Discussion & Writing
Start your discussions
In commemoration of the 150th anniversary of the Gettysburg Address we would like to encourage everyone to discuss the meaning and historical significance of this important speech. Below are some suggested questions to help get the discussions started in the classroom and the dining room table.
We would like to hear your ideas. Please share your own discussion starter ideas.
Text Analysis Questions
- What happened "four score and seven years ago"? Why does Lincoln start with this?
- In the first sentence, what does Lincoln tell us about this new nation?
- What is being tested by this war?
- What impact does starting the second paragraph with "now" have on its meaning?
- When Lincoln says the nation was "so conceived and so dedicated" what is he referring to?
- What is the point including the phrase "or any nation so conceived and so dedicated" - what would the sentence mean without it?
- What if Lincoln had used the verb "start" instead of "conceive?"
- What are the people who are assembled at Gettysburg there to do?
- What did those who fought at Gettysburg do that those who have gathered cannot?
- What is the impact of starting the third paragraph with "but"?
- What does Lincoln describe as the impact of those who fought at Gettysburg?
- What does Lincoln mean by "the great task remaining"?
- What is the unfinished work that those listening to the speech are asked to achieve?
- How does Lincoln use the idea of "unfinished work" to assign responsibility to his listeners?
- What specific ideas does Lincoln ask his listeners to commit themselves to at the end of his speech?
- "Increased devotion to that cause". What cause is this?
- How does the meaning of the word "dedicate" change over the course of the text, and what does it reveal about the Gettysburg address?
(From EngageNY.org of the NewYork State Education Department. Internet. Available from https://www.engageny.org/resource/common-core-exemplar-for-high-school-ela-lincoln-s-gettysburg-address; accessed September 12, 2013.)
Social Studies/History Questions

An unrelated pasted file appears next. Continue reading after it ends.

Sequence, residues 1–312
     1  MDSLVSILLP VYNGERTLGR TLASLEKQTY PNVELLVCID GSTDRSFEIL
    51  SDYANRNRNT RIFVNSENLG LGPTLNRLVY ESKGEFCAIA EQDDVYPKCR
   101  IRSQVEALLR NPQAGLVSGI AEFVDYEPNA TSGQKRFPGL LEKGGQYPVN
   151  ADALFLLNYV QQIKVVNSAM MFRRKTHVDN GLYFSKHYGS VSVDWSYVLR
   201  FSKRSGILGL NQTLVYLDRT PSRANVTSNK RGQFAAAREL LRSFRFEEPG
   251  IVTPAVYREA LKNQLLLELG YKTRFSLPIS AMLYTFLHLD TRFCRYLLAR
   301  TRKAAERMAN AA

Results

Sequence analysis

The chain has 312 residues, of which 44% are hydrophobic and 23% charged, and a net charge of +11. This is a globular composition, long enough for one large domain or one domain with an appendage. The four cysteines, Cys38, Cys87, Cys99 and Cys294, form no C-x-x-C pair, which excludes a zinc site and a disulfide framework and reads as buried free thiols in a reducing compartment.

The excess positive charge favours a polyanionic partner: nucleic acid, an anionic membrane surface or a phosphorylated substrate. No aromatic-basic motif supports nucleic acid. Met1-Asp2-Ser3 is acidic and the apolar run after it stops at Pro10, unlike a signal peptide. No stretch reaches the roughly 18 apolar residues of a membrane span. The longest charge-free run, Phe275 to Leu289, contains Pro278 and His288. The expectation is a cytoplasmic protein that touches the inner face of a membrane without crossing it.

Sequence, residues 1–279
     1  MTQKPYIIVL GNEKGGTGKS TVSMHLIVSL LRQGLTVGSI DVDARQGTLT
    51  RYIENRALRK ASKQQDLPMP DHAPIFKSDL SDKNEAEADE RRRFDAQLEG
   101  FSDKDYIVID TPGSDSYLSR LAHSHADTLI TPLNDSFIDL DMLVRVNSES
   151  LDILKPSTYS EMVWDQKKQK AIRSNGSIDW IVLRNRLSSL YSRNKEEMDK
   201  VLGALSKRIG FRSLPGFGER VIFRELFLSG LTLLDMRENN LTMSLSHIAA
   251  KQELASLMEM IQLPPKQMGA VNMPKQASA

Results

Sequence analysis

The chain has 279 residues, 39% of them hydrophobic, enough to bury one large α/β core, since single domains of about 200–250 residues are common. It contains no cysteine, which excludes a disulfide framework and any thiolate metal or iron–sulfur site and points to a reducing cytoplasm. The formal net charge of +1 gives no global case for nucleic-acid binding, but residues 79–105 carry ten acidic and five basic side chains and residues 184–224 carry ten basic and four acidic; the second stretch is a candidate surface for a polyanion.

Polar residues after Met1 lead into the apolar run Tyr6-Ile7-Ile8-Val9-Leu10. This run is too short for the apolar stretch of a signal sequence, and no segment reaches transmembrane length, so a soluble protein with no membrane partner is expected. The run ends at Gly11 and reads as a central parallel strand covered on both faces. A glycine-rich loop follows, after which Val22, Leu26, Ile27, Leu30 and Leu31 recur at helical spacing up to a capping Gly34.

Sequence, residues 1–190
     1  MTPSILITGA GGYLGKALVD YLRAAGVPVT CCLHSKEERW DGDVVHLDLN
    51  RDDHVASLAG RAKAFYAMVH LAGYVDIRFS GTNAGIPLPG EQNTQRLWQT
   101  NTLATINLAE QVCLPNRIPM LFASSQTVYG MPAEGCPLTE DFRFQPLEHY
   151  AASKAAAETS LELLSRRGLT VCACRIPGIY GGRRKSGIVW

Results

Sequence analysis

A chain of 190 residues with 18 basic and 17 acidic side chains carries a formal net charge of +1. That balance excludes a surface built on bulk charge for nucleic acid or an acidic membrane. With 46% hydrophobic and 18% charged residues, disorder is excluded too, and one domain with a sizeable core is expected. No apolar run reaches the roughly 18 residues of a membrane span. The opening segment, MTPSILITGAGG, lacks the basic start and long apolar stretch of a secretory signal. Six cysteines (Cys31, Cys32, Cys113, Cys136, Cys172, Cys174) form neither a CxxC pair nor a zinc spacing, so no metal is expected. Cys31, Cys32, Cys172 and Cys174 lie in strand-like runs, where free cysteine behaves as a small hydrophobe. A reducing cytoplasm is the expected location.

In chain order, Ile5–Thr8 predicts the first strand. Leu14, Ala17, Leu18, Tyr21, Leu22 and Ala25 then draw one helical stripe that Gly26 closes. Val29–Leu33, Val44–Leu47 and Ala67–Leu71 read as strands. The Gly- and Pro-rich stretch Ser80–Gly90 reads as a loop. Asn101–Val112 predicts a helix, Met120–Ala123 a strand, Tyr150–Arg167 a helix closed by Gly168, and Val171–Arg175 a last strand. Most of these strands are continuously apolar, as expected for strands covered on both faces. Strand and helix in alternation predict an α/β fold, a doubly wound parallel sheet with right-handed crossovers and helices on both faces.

- Lincoln never mentions the word "union" over the course of his speech, instead repeatedly referring to the "nation" instead. What is the effect of selecting one word instead of the other?
- What is another word one might expect Lincoln to use in a speech during the Civil War that does not appear in the speech? What is the effect of it not being mentioned?
- What do you make of Lincoln's choice to name the Declaration of Independence as the moment of founding of America?
- Research the following - how are they related to the Gettysburg story? Sarah Hale, Lydia Smith, and Basil Biggs
Analysis Questions for Today
- Are there issues that divide our nation now as they did then?
- Lincoln said the Civil War "tested" the concepts of the Declaration of Independence. How has it been "tested" over time?
- Has the "great task remaining" been completed? Why or why not?
- If the speech were offered today, what specific ideas would listeners be asked to commit themselves to?
- Have you been motivated to dedicate "increased devotion" to a cause?
- How are public speeches given today - would it have the same impact if delivered electronically?
- Are there other things that individuals do that are "all together fitting and proper" in a civil society?
For Elementary Age Learners
- Lincoln talked about everyone working together. Why is it important for people to work together?
- What events in American history does Lincoln refer to in the Gettsyburg address?
- What are the main ideas of the Gettysburg address?
- Why was Lincoln asked to speak at Gettysburg, PA?
- What is the most memorable speech you have ever heard?
- How is the Gettysburg address like or unlike the speech you remember?
- If the speech is about liberty and equality for all, why doesn't Lincoln use the word "slavery" or mention the Emancipation Proclamation, which he issued six months earlier?
- Who are the "fathers" that Lincoln refers to? What did they do?